Drugs, bike helmets, credit card agreements, cigarettes, air bags, and guns, all come with notices regarding safe uses and risks. Without laws to enforce them, such warnings are basically a form of product defense that allow manufacturers to say I told you so should any problems develop later. But, where warnings are accompanied by enforceable laws, they can fundamentally change behavior. In fact, fewer kids try smoking nowadays as a consequence of what's been a highly effective shock and awe campaign including escalating cigarette taxes, massive public educational programs (now slated for cuts), laws that make it illegal to sell tobacco products to those under age 18, and a warnings slapped directly on packaging.
But what are we to make of the fine print advisories that come with new cell phones today that are seldom seen and even less frequently heeded. Blackberry's Torch phone cautions teenagers and pregnant women not to hold the phone next to the lower abdomen. Apple's iPhone 5 features a Houdini-like warning--now you see it, now you don't. Printed warnings on thin paper package inserts that advised safe distances for using phones have disappeared. Those determined to find out about cellphone radiation enter a middle school programmers do-loop.
Advertisements in the blogosphere feature baby apps, with real live toddlers and infants who love their phones. Their parents do not know that that the 60,000 physicians and surgeons of the American Academy of Pediatrics have issued warnings that young brains and bodies need more lap time than app time and should avoid microwave radiating devices.
If you want information about radiation safety and the iPhone, you can read the online product safety notice which says:
Radio signals iPhone uses radio signals to connect to wireless networks. For information about the amount of power used to transmit these signals, and about steps you can take to minimize exposure, see Settings > General > About > Legal > RF Exposure.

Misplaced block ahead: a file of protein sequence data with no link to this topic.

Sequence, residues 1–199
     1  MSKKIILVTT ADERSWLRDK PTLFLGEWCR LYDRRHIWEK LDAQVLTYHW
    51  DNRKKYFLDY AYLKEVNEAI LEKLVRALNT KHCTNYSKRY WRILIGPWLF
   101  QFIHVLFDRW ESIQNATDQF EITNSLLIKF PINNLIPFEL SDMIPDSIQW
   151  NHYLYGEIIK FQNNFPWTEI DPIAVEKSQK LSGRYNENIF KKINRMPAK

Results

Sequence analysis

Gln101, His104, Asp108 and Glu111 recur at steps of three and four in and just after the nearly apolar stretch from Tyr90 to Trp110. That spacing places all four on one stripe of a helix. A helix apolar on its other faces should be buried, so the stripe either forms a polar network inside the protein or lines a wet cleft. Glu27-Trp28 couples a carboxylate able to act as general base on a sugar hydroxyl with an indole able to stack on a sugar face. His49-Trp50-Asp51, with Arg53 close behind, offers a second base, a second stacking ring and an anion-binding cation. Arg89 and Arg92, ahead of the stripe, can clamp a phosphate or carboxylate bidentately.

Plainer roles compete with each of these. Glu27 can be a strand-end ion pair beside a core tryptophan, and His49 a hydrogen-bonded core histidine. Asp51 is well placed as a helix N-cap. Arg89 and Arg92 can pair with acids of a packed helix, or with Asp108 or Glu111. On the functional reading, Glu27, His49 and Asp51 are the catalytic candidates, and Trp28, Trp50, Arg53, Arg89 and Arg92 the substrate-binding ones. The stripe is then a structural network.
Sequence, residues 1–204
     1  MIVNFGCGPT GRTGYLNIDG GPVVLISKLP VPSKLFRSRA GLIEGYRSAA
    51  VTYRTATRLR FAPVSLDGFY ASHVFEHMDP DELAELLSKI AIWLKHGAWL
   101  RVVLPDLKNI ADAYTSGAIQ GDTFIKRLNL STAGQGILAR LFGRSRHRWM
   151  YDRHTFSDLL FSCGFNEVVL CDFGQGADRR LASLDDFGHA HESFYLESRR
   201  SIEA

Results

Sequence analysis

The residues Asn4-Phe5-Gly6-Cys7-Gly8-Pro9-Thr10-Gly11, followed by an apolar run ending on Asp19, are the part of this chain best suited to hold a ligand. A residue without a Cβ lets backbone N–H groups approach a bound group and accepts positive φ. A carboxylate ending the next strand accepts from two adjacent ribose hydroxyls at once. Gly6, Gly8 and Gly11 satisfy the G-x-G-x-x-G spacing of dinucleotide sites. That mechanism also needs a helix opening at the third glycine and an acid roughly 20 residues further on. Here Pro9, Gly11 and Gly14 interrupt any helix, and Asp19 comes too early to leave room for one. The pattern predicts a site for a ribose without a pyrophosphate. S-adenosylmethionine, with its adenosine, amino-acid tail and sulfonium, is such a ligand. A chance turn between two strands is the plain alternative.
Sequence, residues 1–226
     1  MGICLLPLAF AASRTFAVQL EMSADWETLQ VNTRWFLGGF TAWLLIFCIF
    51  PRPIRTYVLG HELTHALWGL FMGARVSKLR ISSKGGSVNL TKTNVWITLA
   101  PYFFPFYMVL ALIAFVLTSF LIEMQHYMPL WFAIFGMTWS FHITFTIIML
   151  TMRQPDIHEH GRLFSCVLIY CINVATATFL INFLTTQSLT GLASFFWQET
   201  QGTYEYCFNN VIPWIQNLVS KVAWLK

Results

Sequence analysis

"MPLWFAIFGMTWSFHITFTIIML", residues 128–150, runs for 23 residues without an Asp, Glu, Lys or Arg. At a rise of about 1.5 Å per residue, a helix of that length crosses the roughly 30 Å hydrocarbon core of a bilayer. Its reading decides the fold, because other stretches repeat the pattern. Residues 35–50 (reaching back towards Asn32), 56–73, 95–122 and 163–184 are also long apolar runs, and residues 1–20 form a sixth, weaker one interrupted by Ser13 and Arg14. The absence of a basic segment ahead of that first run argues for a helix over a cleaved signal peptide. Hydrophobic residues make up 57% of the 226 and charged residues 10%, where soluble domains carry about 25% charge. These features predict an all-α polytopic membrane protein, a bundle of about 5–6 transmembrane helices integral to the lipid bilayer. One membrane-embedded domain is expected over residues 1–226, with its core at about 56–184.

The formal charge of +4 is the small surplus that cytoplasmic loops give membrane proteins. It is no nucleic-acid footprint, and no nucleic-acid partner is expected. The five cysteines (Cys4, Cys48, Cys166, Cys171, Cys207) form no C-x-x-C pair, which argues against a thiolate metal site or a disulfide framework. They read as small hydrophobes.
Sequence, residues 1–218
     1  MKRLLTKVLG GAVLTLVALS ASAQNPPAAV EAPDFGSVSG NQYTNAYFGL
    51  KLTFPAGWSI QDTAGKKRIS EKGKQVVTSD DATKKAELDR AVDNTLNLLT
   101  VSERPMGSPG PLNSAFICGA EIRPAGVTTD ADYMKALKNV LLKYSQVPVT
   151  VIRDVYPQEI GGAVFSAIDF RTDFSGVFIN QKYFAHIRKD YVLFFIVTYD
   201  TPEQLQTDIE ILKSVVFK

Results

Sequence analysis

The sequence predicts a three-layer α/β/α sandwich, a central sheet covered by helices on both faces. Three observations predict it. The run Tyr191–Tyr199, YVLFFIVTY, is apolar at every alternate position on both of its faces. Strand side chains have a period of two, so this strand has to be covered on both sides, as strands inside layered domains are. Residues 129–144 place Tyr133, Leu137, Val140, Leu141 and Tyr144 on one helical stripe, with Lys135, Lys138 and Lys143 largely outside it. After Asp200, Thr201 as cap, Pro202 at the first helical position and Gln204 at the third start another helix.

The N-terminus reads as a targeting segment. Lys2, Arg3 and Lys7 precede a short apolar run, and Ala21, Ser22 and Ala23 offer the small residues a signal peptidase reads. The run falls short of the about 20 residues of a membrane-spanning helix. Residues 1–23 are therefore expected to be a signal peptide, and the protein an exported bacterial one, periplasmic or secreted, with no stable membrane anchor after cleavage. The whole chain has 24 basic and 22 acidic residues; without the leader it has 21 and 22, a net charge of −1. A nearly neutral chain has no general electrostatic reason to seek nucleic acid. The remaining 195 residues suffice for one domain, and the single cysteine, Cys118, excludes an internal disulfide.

Then, after going through the above 5 clicks on your phone, the text below pops up:
iPhone has been tested and
meets applicable limits for Radio Frequency (RF) exposure.
Specific Absorption Rate (SAR) refers to the rate at which the body absorbs RF energy. SAR limits are 1.6 Watts per Kilogram (over a volume containing a mass of 1 gram of tissue) in countries that follow the United States FCC limit and 2.0 W/Kg (averaged over 10 grams of tissue) in countries that follow the Council of the European Union limit. During testing, iPhone radios are set to their highest transmission levels and placed in positions that simulate use against the head, with no separation, and near the body, with 10 mm separation.
To reduce exposure to RF energy, use a hands-free option, such as the built-in speakerphone, the supplied headphones, or other similar accessories. Carry iPhone at least 10 mm away from your body to ensure exposure levels remain at or below the as-tested levels. Cases with metal parts may change the RF performance of the device, including its compliance with RF exposure guidelines, in a manner that has not been testified or certified.
SAR values for this device are available online:
Thus, ends the advice. But, wait there's a trick. If at this point, you have not given up and click on the above link purporting to be information on SAR values, you get right back to this text:
To reduce exposure to RF energy, use a hands-free option, such as the built-in speakerphone, the supplied headphones or other similar accessories. Carry iPhone at least 10mm away from your body to ensure exposure levels remain at or below the as-tested levels. Cases with metal parts may change the RF performance of the device, including its compliance with RF exposure guidelines, in a manner that has not been tested or certified.
What's missing altogether is this previous statement on the phone that explained that phones carried in the pocket can exceed the FCC exposure guidelines. Poor David Beckham has no idea that his convenient phone necklace exceeds FCC approved testing conditions.
In fact, commercials for cell phones that fill
our airwaves, newspapers and magazines routinely feature young children happily
chatting with their phones held smack up against their developing bodies and
brains and iPads plopped directly over young gonads.
Child holding iPhone on body over reproductive organs by Toys R Us Advertisement
It may well be legal for companies to sell devices that cannot be used safely in ways they are advertised, but it is certainly not ethical to do so.